Carlos Suarez de Jesus, a Miami arts journalist and artist himself, passed away February 3rd, 2022, after years of health issues stemming from a stroke and a heart condition.
He was only 61.
Per his daughter Bethany, as posted on Carlos’s Facebook page:
“My father was an incredibly brilliant and delightfully odd man who touched the lives of so many through his art, writing, and storytelling. He was a father, grandfather, son, brother, uncle, husband, mentor, and friend…and so much more throughout his action-packed and unforgettable life.”
The Jitney knew and respected Carlos as a writer and artist. He was cool, sweet, quirky, and wild, a true patron saint of Miami. We visited him a few times at his gallery in Little Havana and enjoyed his charm and cutting intellect.
Carlos Suarez de Jesus
Carlos Suarez de Jesus holds a unique position in Miami’s history.
His editor, and former publisher of Miami New Times, Chuck Strouse, outlines Carlos’s legacy in a well-written and fitting obituary.
“As New Times art critic for a decade, he helped create what has become the world’s liveliest and most enterprising art scene. Before that, he was a writer for two Miami mayors. And as a teenager, he worked in the epicenter of the city’s bustling 1980s cocaine market, the Mutiny Hotel…”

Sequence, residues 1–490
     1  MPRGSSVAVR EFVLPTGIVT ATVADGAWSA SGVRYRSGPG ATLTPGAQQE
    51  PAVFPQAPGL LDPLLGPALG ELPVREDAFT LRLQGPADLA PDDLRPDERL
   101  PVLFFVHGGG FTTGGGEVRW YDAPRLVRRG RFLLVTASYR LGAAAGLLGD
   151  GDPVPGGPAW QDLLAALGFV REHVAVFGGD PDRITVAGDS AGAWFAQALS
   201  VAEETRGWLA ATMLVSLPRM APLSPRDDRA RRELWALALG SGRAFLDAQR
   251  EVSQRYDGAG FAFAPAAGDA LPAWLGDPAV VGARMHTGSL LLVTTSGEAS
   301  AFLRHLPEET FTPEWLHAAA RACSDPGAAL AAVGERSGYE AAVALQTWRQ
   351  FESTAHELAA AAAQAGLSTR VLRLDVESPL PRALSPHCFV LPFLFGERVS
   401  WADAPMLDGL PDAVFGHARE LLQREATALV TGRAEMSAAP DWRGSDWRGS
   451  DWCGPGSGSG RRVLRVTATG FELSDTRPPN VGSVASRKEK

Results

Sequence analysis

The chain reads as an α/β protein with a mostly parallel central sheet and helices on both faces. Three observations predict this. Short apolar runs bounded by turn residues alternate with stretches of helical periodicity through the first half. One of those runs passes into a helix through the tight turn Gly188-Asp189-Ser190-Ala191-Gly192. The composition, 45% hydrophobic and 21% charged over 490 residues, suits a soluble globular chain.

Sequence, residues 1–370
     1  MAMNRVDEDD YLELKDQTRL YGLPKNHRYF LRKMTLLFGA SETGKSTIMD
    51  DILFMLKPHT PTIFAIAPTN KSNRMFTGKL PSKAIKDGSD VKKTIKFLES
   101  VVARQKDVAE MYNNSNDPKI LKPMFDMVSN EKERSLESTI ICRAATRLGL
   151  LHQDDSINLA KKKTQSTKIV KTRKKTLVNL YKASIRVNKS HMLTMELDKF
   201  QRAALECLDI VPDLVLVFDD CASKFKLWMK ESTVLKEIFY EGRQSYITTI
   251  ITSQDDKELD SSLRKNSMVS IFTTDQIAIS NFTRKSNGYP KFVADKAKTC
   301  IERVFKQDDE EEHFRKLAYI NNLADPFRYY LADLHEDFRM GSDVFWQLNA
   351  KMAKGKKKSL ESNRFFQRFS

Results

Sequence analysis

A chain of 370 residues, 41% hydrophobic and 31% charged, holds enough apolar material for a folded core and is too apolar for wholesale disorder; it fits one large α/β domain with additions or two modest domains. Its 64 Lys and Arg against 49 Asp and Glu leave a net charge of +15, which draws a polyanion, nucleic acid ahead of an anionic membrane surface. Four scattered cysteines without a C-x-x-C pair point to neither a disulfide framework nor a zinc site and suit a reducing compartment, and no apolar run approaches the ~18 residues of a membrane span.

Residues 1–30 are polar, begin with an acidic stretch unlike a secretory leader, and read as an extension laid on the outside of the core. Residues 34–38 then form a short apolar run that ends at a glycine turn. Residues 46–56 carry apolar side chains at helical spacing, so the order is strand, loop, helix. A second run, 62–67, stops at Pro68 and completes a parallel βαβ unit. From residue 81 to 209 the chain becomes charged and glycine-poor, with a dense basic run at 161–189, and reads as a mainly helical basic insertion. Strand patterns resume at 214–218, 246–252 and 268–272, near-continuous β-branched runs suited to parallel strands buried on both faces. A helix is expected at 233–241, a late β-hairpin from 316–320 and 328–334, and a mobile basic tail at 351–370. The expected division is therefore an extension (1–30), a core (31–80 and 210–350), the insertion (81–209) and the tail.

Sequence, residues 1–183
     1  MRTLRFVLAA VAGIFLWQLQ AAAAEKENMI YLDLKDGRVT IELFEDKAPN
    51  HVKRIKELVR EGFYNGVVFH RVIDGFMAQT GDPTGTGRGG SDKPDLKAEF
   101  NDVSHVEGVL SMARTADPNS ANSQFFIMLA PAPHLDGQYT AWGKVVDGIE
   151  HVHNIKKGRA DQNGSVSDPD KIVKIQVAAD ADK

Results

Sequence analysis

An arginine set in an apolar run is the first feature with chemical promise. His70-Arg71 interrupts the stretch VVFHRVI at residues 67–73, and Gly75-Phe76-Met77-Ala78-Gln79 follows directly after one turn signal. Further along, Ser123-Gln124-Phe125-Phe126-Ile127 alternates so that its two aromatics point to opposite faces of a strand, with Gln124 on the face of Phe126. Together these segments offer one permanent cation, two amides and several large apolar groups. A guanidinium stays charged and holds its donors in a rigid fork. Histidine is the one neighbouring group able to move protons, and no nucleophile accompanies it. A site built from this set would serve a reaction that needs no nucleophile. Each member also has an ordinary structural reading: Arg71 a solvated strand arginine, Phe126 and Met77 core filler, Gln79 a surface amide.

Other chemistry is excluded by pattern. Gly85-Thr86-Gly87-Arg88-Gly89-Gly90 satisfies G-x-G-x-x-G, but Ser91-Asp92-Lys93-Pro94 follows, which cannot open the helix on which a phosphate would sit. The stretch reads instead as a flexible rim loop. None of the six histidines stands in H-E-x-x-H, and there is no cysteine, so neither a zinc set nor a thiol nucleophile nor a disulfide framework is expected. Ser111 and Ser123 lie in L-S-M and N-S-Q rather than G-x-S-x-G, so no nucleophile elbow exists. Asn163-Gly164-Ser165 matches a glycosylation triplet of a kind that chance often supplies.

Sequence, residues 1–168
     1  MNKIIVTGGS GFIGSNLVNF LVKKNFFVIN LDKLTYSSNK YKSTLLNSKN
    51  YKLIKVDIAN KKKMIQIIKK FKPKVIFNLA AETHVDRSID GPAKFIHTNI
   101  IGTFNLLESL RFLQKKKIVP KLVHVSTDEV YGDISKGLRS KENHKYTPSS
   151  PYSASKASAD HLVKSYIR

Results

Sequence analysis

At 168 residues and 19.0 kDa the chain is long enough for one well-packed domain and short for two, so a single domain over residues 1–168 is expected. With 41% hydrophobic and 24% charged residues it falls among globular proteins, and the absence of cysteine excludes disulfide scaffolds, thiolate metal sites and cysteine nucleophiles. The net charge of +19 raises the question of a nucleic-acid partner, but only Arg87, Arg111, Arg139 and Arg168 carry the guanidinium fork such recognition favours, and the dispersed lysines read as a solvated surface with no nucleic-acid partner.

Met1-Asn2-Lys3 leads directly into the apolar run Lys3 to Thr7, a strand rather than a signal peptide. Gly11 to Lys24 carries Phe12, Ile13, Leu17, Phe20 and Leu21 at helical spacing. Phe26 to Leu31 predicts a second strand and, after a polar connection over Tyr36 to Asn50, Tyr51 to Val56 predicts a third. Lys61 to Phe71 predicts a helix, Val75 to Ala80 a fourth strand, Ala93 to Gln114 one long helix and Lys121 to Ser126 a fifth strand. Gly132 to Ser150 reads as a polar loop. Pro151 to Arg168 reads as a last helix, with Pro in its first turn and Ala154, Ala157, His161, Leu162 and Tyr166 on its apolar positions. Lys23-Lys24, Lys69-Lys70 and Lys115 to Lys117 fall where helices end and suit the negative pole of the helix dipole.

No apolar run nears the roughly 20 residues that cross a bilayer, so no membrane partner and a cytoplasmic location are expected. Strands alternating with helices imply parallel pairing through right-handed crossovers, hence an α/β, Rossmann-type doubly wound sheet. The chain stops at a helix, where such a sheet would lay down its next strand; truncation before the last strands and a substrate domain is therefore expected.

His “Art Brute” column in the Miami New Times covered a very important period in Miami’s development, 2003 to 2016.
During this period, Wynwood flourished, with its emerging artists and welcoming galleries, funded by real estate speculators. As did Art Basel and its satellite Fairs. This era truly turned Miami into a legitimate world class cultural affairs destination. And Carlos was on it, sharp with a pen. He wielded it like a knife, cutting into white space with swift, bold strokes, covering a sprawling art scene with vigor and passion — this man could write.
And he knew a lot about a lot.
He will be missed and remembered well by Miami history.